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Q&A for Teens: How to Cope with Parents’ Divorce

March 15, 2012 | by Lauren Roth

Advice to a teen whose parents just got divorced.

Dear Lauren,

My parents just got divorced and I need help dealing with it. Any ideas?

Most people feel a profound sense of grief, loss, acute sadness, and deep pain when their parents divorce. Something in your life has died, and the mourning over your lost former life is usually intense. Many people feel hurt, too: “How could my parents do this to me?”

Some kids might feel relief, as well, if there was a lot of fighting or tension when their parents were living together. The key is not to feel guilty about your feelings; you are allowed to have whatever feelings you have. Be kind to yourself. Allow yourself your feelings. Talk with each of your parents, your teachers, your principals, a therapist, and any adult you feel close to. Talk about your feelings. Write about them. Get them out so they don’t fester inside you. Divorce is tough, and the feelings that come with it are difficult and unpleasant; keeping those feelings in and keeping them to yourself makes it even harder. But finding someone who can lovingly listen to how you feel can help ease the pain.

Your parents’ divorce is absolutely not your fault.

There is one absolute in this situation: your parents’ divorce is absolutely not your fault. It didn’t happen because you didn’t perform well enough in school; it didn’t happen because you were a “difficult child” in any way; it didn’t happen because you should have helped them get along better with each other. Parents divorce because of adult issues between them. You could not have stopped your parents’ divorce, and you are absolutely not responsible for bringing them back together again.

Many children of all ages entertain a fantasy of their parents’ getting back together. Once parents divorce, it’s highly unlikely they will remarry each other, and your trying to orchestrate that will probably only lead to much frustration, sadness, and suffering on your part. It’s not your job and not your responsibility to “fix” your parents’ relationship. It’s also not something you can accomplish.

Sometimes people feel angry at their parents for not being able to “keep it together.” That anger is very understandable. You can use that anger in ways that will hurt you (doing poorly in school, lashing out at other kids, becoming promiscuous), or you can recognize that your anger makes sense, given the situation, and use your anger as a teaching tool for yourself. Use that anger to remind yourself what you want to try and do better when you are an adult. Too many people (of all ages) let their anger about their parents’ divorce convince them to distance themselves from other people and from close, intimate, romantic relationships. Use your anger at your parents’ inability to resolve their conflicts to remind yourself that you want to do it differently and better in your own life, rather than allowing the anger to make you hopeless and callous. You can even keep a journal entitled, “What I Won’t Do When I’m An Adult,” and write each negative you’ve seen, and how you might do it better. That journal is a way to alchemize the difficulties you’re experiencing into learning tools, rather than allowing the difficulties to bring you down into hopelessness.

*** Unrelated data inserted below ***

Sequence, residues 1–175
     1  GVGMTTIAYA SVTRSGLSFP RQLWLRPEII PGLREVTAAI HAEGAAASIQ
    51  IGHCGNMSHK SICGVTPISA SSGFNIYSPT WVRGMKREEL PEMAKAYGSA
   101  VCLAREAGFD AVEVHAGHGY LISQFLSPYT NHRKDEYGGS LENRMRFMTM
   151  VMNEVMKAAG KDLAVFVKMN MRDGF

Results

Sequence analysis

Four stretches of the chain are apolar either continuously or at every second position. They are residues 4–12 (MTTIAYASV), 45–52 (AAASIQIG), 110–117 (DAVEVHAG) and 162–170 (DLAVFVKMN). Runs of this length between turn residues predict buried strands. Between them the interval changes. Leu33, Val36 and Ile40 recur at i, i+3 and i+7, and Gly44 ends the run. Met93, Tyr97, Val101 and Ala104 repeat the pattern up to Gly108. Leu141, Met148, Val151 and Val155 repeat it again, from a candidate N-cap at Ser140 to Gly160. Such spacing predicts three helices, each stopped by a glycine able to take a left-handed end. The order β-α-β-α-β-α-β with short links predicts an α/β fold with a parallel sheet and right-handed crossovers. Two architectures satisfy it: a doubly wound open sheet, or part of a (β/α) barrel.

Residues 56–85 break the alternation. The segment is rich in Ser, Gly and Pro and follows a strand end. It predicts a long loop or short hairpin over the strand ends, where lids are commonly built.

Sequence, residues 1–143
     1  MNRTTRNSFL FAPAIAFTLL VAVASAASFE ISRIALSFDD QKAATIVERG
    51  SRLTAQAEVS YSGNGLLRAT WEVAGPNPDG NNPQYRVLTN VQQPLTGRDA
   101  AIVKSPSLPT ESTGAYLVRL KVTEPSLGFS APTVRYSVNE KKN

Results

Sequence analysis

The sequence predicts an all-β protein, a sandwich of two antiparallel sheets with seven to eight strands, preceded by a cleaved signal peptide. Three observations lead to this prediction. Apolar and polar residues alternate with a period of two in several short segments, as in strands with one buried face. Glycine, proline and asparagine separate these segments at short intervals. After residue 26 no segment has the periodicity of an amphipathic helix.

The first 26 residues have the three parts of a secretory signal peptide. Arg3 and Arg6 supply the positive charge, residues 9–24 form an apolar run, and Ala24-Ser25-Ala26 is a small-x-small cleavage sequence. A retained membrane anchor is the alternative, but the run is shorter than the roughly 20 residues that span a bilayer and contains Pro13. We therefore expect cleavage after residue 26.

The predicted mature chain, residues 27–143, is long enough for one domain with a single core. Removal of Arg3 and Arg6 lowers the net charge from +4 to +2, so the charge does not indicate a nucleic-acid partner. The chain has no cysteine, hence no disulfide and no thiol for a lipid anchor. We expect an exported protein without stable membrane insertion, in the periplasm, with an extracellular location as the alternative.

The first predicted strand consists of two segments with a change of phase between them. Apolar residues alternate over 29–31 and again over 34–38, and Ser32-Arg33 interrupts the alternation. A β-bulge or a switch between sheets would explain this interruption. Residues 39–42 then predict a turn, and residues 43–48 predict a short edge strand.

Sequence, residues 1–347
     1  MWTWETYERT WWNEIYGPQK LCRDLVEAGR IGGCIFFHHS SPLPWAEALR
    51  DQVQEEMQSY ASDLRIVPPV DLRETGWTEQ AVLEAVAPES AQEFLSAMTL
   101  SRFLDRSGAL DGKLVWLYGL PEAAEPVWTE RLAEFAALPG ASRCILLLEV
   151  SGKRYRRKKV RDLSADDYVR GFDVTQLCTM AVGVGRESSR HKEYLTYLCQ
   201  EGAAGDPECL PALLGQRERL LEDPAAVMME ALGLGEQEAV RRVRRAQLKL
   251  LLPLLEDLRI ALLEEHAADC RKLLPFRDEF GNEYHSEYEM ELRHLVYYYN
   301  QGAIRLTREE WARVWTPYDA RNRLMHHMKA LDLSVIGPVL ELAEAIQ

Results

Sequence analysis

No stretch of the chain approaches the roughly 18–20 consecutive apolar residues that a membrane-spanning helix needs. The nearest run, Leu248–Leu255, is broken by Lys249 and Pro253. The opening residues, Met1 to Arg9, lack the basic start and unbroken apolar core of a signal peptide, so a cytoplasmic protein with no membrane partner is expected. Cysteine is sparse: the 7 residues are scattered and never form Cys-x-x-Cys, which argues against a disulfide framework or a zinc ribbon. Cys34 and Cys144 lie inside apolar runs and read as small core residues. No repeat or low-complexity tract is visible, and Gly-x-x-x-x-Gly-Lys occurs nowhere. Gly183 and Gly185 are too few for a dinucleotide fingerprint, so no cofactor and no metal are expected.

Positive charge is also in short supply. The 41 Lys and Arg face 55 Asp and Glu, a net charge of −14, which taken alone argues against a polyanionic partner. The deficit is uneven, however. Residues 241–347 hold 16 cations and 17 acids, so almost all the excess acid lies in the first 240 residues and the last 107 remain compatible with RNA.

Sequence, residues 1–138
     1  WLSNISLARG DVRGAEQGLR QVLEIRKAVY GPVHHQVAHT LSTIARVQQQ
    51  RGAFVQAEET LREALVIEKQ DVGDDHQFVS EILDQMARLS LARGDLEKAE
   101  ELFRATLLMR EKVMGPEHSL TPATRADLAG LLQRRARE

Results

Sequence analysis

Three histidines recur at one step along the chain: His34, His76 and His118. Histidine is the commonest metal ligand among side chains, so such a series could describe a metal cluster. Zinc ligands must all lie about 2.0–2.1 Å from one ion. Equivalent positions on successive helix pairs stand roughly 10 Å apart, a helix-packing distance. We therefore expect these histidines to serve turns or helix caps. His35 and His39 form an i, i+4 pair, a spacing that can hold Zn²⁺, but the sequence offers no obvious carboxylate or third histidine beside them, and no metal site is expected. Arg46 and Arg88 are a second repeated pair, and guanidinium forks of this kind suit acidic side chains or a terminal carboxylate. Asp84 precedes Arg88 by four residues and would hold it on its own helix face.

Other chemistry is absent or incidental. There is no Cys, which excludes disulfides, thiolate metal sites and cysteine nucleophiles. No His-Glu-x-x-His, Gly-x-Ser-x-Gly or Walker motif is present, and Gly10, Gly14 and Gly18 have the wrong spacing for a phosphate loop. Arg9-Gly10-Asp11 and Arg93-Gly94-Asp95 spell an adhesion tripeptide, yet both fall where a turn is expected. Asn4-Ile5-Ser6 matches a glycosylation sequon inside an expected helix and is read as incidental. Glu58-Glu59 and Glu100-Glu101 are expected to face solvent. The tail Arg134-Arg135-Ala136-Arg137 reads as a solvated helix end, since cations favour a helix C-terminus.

You might find it difficult if your divorced parents don’t get along, openly fight, or badmouth each other to you. Again, recognizing and talking about your feelings is important. You can even, calmly and gently, ask both parents to please try and act civilly towards each other, for your sake, and you can gently tell each parent, “I love you both so much; please don’t talk badly about my other parent. It hurts me when you do.” It will probably be hard for them to accomplish that, but your words can help your parents understand what you need from them.

In the wake of a divorce, the money situation in your family might change. You might be worried about how the new financial reality will affect your life. When everyone is calm, have a discussion with each of your parents about your concerns. Again, open, honest communication is the way to go, instead of lonely, festering worry and anguish.

Your living arrangement might change from what it was before your parents divorced. You might resent having to make new friends in a new area, if one of your parents has moved, and you’ll probably hate having to travel to two different houses, with two different wardrobes in each… However, there is hope at the end of this tunnel: some of my clients actually end up enjoying having two places to call home and two different sets of friends. If your parents remarry, it will mean two full families to belong to, and along with the difficulties that brings and the new relationships to navigate, adolescents and kids often find comfort and extra love in their new constellation of relatives. Often there’s a difficult member of the step-family, and also one or two “perk” members of the step family that you’re pleased to have in your life.

If you can find a support group of other teens going through their parents’ divorce, it would probably help you, too. Also, there are lots and lots of books and movies about different family members’ experiences of divorce. Go to the library or to your favorite bookstore and browse, borrow, or buy a few books by a few different authors. Every book and every author will probably have a little bit of a different approach, and you might find one that works for you to help ease the hurt. I know many kids and teens who have benefited from the Sandcastles Program Workbook. It was even written by a friend of mine, M. Gary Neuman.

There’s no easy way to deal with the blistering pain which comes with the dismantling of a family. My heart and my thoughts are with you.

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